St. Louis, Missouri
June 18, 2000
June 18, 2000
June 21, 2000
5.169.1 - 5.169.11
Context Based Educational Java Applets Using Consumer Products
Alexander N. Cartwright, Pratibha Gopalam, N. Liu, Z. Yuan, T. Tang and Chu R.Wie
Department of Electrical Engineering Center for Active Learning of Microelectronics and Photonics State University of New York at Buffalo Buffalo, New York 14260 E-mail: email@example.com, firstname.lastname@example.org
The popularity of the Java language for educational materials development continues to increase. Unfortunately, most of these developed tools are isolated Java applets that explain a single “textbook” educational concept. These disjoint Java applets, while sometimes providing excellent educational materials, lack the system level, top-down approach that is prevalent in engineering. In this paper, we present our work on developing Java applets, and web-based courseware materials, for microelectronics and photonics (lasers and optics) that incorporates this system-level top-down approach. Specifically, we will discuss the use of consumer products, such as barcode scanners and CD-ROM’s, as effective microelectronic and photonic systems learning modules.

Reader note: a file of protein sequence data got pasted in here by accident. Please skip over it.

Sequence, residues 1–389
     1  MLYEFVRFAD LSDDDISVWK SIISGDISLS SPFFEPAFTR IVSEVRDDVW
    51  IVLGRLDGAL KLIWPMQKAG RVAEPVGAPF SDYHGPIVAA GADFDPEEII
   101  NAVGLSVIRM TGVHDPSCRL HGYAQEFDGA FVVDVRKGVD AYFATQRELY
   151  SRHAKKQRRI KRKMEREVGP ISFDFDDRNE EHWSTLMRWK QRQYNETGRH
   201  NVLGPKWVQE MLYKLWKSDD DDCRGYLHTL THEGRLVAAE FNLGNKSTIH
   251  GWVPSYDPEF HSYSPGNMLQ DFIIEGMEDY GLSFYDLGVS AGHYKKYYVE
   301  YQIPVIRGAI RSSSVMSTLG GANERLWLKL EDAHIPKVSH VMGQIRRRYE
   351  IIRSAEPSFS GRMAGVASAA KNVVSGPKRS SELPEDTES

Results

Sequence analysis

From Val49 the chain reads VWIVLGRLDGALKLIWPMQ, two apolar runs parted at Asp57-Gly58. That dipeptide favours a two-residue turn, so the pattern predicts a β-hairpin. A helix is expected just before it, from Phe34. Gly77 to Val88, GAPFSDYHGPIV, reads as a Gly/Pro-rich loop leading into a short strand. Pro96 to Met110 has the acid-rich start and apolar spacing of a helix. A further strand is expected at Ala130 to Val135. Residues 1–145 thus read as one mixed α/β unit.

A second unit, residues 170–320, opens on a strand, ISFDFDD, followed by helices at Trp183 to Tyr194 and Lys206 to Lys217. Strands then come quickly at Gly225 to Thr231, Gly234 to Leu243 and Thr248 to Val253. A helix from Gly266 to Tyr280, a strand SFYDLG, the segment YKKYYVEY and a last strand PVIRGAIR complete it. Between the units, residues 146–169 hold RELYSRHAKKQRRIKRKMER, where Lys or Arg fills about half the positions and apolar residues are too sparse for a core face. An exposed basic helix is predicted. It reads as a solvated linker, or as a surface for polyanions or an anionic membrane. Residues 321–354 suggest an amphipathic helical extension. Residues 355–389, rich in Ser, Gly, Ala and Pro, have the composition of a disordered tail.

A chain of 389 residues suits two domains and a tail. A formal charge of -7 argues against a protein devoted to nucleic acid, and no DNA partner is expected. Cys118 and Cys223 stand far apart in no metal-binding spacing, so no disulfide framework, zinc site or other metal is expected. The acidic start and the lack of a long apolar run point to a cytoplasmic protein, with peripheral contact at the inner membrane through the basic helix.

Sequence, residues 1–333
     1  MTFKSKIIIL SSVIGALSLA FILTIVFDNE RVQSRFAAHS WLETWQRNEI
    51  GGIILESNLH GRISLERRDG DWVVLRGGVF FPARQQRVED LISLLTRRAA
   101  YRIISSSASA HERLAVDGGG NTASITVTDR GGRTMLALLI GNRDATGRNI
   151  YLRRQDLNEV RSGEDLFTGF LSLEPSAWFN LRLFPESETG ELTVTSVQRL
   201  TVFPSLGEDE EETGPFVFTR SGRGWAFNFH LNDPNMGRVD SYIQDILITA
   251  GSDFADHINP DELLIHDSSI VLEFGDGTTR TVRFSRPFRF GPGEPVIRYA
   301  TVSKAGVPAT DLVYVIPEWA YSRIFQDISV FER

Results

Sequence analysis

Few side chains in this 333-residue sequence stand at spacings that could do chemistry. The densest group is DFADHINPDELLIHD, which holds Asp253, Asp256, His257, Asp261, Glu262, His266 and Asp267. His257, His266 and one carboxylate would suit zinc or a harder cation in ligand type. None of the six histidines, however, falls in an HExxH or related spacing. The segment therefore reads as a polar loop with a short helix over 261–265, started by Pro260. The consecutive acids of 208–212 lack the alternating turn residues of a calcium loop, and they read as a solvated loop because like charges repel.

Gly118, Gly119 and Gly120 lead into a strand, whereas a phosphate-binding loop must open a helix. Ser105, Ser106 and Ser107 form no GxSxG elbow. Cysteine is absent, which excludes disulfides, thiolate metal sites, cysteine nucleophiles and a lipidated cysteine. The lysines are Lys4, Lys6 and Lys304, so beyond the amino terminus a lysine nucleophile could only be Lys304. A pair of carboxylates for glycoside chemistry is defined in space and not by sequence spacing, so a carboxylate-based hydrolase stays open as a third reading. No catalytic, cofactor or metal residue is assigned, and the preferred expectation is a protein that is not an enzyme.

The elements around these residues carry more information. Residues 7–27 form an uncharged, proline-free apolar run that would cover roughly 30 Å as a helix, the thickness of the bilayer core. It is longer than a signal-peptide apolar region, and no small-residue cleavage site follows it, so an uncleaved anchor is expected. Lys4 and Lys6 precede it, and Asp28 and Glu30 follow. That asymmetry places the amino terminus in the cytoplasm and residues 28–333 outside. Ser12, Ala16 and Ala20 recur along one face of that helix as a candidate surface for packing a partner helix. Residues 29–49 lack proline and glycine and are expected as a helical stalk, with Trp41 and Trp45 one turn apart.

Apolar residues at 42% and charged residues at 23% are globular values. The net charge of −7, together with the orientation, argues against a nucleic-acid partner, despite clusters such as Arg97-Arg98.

The implementation of this top-down consumer product approach requires that the developer understand the applications of these theoretical and educational materials. In this way, the developed web-based courseware provides excellent engineering educational value by providing instructors and students with a context for the specific topic. That is, the consumer product approach effectively provides a link from the study of microelectronics and photonics to real world applications.
A user of the courseware enters at a high level view of an everyday real-world consumer product, selects components of that product to investigate, and can interact with the Java applets that describe the details of the operation of the selected component. Moreover, the developed web-based courseware allows the user to choose the level of educational materials that he or she wishes to study. In this way, these educational materials become accessible to users with educational backgrounds varying from high-school students, with limited science experiences, to the researchers in the fields of microelectronics and photonics. In this paper, the overall “big picture” implementation issues as well as the design of the applets embedded within this top- down consumer product approach are presented.
Yuan, Z., & Tang, T., & Gopalam, P., & Liu, N., & Wie, C. R., & Cartwright, A. N. (2000, June), Context Based Educational Java Applets Using Consumer Products Paper presented at 2000 Annual Conference, St. Louis, Missouri. https://peer.asee.org/8238
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